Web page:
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Netherlands May Double Swaps Use

The Netherlands could double its use of interest-rate swaps this year as part of its efforts to trim the average duration of its debt. The country may enter up to EUR6 billion (USD5.38 billion) in swaps in which it receives fixed in the long end. On the swaps it will receive 10-year fixed-rate and pay a six-month Euribor-based rate, according to Erik Wilders, head of the dealing room at the Dutch State Treasury Agency in Amsterdam. He said the sovereign executed EUR3 billion in similar positions last year and plans to increase its usage this year to lower the average duration of the country's outstanding debt to 3.9 years from four years. Last year was the first in which the Netherlands used swaps to manage its debt profile. The country has EUR176 billion in outstanding debt.

Wilders explained the effort is part of the debt agency's overall risk-management strategy, which it is currently reviewing through an internal risk management audit which he declined to discuss. "First we tried to shorten duration by issuing in [shorter] maturities, but we needed an instrument to separately be able to steer duration of the portfolio and still be able to issue large benchmark bonds, especially in the 10-year sector," he said, to satisfy investor demand. The debt agency expects to issue as much as EUR19 billion this year and its use of swaps will vary depending on how much it issues in longer-paper. For example, Wilders noted the use of swaps will increase if the sovereign finds demand for its 10-year paper. The debt agency will only select counterparties from among its 13 primary dealers, which include Dutch names, such as ABN AMRO and ING Barings, as well as bulge-bracket firms, such as Morgan Stanley and Deutsche Bank.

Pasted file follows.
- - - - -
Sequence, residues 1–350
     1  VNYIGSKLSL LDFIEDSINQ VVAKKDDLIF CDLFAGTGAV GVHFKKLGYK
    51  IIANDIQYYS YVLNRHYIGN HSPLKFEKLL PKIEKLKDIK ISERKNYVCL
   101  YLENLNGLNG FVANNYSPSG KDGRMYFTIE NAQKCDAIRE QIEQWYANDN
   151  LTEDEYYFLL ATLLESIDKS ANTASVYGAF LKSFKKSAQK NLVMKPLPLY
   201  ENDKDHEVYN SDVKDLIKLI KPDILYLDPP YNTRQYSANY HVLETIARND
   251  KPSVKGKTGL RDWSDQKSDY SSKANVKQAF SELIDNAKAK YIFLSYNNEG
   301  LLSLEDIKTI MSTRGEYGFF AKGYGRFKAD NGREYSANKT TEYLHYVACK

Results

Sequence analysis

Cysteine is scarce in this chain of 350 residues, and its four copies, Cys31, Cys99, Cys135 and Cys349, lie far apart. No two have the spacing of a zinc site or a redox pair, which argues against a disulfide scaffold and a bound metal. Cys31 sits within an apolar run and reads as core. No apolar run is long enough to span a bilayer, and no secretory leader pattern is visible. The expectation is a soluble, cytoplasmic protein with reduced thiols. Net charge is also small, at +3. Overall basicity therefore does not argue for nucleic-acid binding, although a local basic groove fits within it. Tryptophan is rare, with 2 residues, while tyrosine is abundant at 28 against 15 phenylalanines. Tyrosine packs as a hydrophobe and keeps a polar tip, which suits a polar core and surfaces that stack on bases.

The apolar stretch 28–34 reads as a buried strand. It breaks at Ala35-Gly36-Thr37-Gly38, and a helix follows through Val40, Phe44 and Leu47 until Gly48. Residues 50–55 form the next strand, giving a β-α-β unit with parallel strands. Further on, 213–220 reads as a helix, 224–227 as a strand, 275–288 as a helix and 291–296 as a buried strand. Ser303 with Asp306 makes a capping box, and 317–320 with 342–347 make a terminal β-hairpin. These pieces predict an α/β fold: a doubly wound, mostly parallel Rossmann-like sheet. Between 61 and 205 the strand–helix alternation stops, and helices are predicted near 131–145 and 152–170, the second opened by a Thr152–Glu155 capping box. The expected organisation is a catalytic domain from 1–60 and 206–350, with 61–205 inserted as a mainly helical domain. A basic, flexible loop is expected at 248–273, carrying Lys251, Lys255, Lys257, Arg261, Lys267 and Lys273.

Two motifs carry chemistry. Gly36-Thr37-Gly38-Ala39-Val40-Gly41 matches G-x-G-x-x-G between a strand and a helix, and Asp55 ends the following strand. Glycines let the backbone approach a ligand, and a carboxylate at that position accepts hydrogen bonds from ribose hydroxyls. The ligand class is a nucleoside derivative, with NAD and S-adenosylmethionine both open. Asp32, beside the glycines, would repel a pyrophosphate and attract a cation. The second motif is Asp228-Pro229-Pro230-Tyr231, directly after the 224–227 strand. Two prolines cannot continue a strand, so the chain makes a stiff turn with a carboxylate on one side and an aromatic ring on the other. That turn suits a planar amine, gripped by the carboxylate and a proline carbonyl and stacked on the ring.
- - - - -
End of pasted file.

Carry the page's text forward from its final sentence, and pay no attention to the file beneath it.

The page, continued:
The Netherlands is the latest European Union sovereign to ramp up its use of swaps to alter its maturity profile. Spain and France also plan to execute similar positions this year (DW, 11/13). Spain plans to receive up to EUR12 billion and France has plans to enter EUR200 billion over the next four years.

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